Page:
However, this summer I have been particularly proud of myself at the consistency I've kept with my home Yoga practice.  This is usually the first thing to go.  But when you compromise on your healthy practices, the next thing you compromise is your health.  Here's some strategies I've used to keep my home practice consistent this summer. 

1. Get Up
    Okay, this is a no brainer.  But in the summer it can be easy to sleep in, especially when your kids are sleeping late (aka 7:30). So…. get up!  Before the kids and have some alone time, even if it means going to bed a little bit earlier or setting an alarm.  Quiet Yoga in the morning= bliss.

2. Make it a Priority

    Yes, you need to vacuum, sweep, and clean the bathrooms.  But first…. you need to practice.  It will make every action and interaction for the rest of your day so much more engaged, peaceful, and meaningful.  If you don't get to the sweeping, forgive yourself and smile.  You stood up for yourself and what you believe in.

3. Get Creative
    Yoga doesn't always need to be on the mat.  In fact, I most often do Yoga off my mat.  While making pancakes, waiting in line, while the kids are taking their time, even driving.  It's easy to find time and space do practices breathing exercises and meditation.  Even some standing postures and balance postures are totally appropriate for public.  Get your kids involved and engaged in a family practice.  More on that later...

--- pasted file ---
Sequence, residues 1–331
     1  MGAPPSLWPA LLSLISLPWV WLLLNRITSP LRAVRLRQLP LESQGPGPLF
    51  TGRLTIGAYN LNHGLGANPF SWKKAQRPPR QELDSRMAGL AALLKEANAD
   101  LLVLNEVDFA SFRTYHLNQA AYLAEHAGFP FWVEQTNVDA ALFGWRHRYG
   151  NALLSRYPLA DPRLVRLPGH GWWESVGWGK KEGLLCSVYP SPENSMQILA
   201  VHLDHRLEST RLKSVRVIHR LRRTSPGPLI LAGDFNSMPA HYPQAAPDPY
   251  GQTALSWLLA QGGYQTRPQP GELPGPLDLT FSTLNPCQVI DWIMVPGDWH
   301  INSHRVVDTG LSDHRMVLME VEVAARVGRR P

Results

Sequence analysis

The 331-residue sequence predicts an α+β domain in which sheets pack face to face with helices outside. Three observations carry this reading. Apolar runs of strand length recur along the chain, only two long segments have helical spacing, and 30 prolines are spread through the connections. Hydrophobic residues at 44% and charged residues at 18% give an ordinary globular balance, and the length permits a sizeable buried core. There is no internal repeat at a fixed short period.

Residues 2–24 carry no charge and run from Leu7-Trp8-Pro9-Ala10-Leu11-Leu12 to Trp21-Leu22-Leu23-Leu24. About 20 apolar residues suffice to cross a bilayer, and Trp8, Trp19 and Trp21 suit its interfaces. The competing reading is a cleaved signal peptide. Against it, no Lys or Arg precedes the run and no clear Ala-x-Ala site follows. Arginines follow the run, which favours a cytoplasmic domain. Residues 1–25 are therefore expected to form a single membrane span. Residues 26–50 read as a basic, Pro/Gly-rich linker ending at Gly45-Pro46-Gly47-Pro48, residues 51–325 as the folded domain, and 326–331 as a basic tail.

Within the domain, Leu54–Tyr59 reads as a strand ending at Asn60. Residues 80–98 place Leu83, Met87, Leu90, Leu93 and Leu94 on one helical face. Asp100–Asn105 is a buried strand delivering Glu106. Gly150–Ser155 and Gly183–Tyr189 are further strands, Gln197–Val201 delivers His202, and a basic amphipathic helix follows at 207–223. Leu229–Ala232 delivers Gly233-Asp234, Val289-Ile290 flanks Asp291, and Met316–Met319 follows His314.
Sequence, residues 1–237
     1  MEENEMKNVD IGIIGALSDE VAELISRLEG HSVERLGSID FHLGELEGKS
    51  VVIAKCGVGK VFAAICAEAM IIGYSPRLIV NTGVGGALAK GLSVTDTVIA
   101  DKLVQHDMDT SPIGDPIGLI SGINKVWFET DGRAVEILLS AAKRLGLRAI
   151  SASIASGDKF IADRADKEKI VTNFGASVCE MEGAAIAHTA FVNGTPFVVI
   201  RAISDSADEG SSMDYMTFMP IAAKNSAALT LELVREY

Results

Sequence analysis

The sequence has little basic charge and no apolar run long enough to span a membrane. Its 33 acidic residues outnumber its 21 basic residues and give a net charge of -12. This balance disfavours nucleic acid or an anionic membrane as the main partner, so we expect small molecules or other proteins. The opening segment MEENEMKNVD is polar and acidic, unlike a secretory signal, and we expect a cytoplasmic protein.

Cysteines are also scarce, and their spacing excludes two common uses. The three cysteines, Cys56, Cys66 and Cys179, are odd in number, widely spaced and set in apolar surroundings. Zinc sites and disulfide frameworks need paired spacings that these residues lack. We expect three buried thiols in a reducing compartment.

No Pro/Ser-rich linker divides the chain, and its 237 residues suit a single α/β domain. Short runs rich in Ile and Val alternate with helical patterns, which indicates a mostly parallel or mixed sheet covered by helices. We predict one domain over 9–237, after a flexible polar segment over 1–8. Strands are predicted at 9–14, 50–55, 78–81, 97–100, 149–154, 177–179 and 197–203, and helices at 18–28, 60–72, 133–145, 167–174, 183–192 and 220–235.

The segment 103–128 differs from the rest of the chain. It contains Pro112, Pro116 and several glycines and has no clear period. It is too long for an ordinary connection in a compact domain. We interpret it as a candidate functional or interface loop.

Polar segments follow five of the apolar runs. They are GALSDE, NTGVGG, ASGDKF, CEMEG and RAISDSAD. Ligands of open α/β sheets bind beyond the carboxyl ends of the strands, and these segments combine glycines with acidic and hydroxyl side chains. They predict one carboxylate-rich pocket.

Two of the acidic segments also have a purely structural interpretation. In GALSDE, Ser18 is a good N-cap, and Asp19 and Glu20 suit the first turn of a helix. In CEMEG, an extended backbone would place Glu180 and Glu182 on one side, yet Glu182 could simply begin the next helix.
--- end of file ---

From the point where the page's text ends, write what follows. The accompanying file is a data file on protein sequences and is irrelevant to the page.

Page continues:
4.  Break it up
    Sometimes I feel like I am at the constant beck and call of my kids.  And I am.  It is a rare event that I get to practice Yoga without being interrupted by someone or something.  So, I break up my practice into bits.  Warm-up sequences here, sun salutations after breakfast, standing postures after clean-up, final stretches before bedtime…You get the idea. 

5. Forgive and Forget
    If you don't get to your Yoga practice one day, it's okay.  Forgive yourself and move on. Tomorrow is another day.  The important thing is that you are aware of how important your practice is to you, and that you honor yourself by taking the time for it every day that you can. 

And now…time for my Savasana (Corpse Pose) for the day.  Ahhh!  The sweet rewards of practice!


Kristin Henningsen M.S., C.H., R.Y.T.

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Kaplan Center for Health and Wellness